May 7th, 2006
Monday, May 1 – TORONTO, CAN. It was one a.m. and I had lost steam. The couch was pushed cockeyed into the kitchen and I was passed out on it. A blue seamless was rolled out across the dog hair littered hardwood and Paddy was shooting away, the pop of the strobes seemingly timed to the music and her yips of excitement. Cooing like a fashion photographer straight from the movies (“yes! that’s so hot! oh, that’s IT!”), she was encouraging both professional and amateur models alike. (At left: “Photographer and Muse” by Paddy Jane)
(Camillo gets oiled) I was only asleep for a few minutes for I had to run out to the borrowed car to get the vintage hats on loan from Cabaret, the store where the show would be hung. That’s the way it had been since four in the afternoon; fetch this, carry that, set up the strobes to light like such and such. Hurry up and wait; the photographer is brainstorming, the models aren’t ready, and on…the work of an assistant (though I was later told I had taken on the job of an assistant director).
A few years ago I would have been more of a hindrance than help but I’ve borrowed and rented enough lighting gear to educate myself in some basics. It’s been fun, something different than reportage, and because I’ve learned the skills it’s freed me from some of the creativity-stifling anxiety and self doubt.
That evening the challenge was not the labor, but trying not to make it my own shoot. There were too many rich image possibilities.
(Lindsey and makeup) We started at Stone’s Place; first Kerry picked me up then we grabbed Paddy at Cabaret where she had just finished selecting $20,000 worth of one-of-a-kind vintage clothing. Makeup and hair had arrived, a couple of the models were there, and more were on the way. Nine in total.
(the triplets) Stone’s Place is an endless living room; a long bar guides guests deeper into the darkness where ancient table lamps light velvet couches, their 20 watt bulbs hiding the ripped upholstery.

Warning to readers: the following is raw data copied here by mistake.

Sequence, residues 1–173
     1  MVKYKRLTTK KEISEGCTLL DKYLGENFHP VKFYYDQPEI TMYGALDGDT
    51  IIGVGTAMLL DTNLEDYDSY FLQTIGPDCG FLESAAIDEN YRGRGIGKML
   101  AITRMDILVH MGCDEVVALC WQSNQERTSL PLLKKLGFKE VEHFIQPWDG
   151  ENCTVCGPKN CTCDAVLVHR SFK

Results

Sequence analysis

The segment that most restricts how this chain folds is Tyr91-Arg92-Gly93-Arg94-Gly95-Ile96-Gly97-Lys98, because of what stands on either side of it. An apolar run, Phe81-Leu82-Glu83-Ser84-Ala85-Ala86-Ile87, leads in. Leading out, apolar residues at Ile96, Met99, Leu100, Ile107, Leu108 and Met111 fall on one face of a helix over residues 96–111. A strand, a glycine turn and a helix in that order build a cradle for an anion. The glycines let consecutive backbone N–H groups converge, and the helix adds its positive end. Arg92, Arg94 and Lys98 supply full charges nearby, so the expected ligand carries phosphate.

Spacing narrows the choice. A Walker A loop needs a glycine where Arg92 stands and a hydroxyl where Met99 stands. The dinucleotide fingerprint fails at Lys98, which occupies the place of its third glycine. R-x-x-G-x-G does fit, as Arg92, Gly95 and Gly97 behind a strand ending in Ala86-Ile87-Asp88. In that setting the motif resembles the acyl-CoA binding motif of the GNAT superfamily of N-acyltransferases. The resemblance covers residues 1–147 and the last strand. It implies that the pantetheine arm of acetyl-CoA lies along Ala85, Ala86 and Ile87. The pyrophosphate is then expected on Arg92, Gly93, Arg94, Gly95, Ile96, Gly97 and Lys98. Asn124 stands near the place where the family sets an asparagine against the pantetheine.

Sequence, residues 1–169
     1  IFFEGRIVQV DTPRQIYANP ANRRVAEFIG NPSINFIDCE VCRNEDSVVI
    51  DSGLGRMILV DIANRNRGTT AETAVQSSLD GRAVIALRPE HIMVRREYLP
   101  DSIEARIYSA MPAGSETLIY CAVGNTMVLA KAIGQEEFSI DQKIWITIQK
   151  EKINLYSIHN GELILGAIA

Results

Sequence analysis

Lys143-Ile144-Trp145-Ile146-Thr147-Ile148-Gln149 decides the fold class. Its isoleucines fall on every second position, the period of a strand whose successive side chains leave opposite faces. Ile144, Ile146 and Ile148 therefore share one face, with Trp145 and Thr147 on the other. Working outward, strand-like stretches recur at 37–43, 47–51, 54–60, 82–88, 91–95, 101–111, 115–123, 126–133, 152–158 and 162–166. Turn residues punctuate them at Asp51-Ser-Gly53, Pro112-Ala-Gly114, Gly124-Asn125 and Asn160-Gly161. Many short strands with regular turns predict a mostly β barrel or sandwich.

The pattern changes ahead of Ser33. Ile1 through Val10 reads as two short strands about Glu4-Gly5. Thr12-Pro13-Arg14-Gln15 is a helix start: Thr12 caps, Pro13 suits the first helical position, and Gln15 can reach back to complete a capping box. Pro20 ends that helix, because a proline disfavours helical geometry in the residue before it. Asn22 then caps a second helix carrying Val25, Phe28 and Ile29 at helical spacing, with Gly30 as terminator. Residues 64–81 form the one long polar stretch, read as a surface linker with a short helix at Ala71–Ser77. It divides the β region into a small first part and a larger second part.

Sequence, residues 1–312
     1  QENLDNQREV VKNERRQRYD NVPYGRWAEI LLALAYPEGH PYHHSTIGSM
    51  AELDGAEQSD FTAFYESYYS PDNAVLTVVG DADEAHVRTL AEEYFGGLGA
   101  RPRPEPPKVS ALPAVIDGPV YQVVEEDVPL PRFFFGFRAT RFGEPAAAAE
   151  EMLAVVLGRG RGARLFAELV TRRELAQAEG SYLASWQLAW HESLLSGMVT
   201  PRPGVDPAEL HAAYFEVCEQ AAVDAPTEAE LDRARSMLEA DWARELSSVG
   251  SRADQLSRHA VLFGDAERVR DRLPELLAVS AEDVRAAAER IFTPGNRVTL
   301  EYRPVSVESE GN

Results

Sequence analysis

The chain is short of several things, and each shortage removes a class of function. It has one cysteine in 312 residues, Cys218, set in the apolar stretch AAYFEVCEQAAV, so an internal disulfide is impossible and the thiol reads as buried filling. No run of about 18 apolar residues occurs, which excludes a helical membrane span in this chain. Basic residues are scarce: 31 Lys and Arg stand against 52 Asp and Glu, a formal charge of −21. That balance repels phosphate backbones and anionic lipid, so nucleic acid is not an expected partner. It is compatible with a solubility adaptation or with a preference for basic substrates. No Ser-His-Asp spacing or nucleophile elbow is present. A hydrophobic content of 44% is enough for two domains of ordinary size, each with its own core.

(the Diva on a Dime film crew) Paddy, with the skill of a professional procrastinator, had managed to put herself in the position to shoot, print, mount, and hang a show in a matter of five days for the CONTACT festival. Monday evening started with a mad rush that wouldn’t stop until Friday night, with wine and hors devours being served around a TV film crew for the show “Diva on a Dime” at Cabaret. The rest of the press lined up to interview Paddy? TVO, NOW Magazine, and the Fashion Channel.
Again, I got to help with editing another photographer’s work. For the most part Paddy and I disagreed on all the images. “I think you and I even see expressions differently,” she said in between the more frequently re-curring refrain “I’m so tired.” But some of my favorites made the show, although I gave up at 2:30 in the morning on Thursday, the night before she was going to hang the show. I’d been cutting, gluing, and stretching; the images were mounted on vinyl records and printed on canvas then stretched across frames. I left Paddy at Kerry’s to print the last of her images. It was late enough that the street cars had stopped running and, being too cheap to take a cab, I walked the 40 minutes back to the condo.
(Melody serving) Paddy’s friends came together for her; Rebecca, a long-time friend who owns an organic store in one of the city’s upscale neighborhoods, showed up Friday afternoon with organic treats for the show. Tao, who’s father owns Cabaret, had splurged on alcohol. Melody, a co-worker from the Over Easy restaurant on Bloor Ave, was the pinup girl serving drinks and food. Friends had stepped up for modeling and Kerry, recently working long days as an assistant to one of the major commercial photographers in town (think large, large studio with lots of lights for shooting cars), sacrificed her time to assist and her studio space for the mayhem of printing production.
The opening went well and, having been in town for over a week now, I actually knew some of the people. The purple dress Lindsey wore was even being considered by customers, causing Lindsey to rush over protectively…until she saw the hand-beaded garment was priced at $325.
Kevin and Pam Oiye (more of my distant family) arrived with their artist friend Shelly for the wine, the art, and to pick me up and to head to MOCCA for a show titled Imaging a Shattered Earth. There I met John Gannis while looking at a little slice of home: a clear cut in Washington.
(John Gannis, at right) I also had the opportunity to be the “rude” American and get a hesitant woman’s book signed by Edward Burtynsky, a Toronto photographer who has made what I consider hands-down the most beautiful images of ship breaking in Bangladesh. Among other things. I would say, if you’re going to visit any one link on this post, go to his site.
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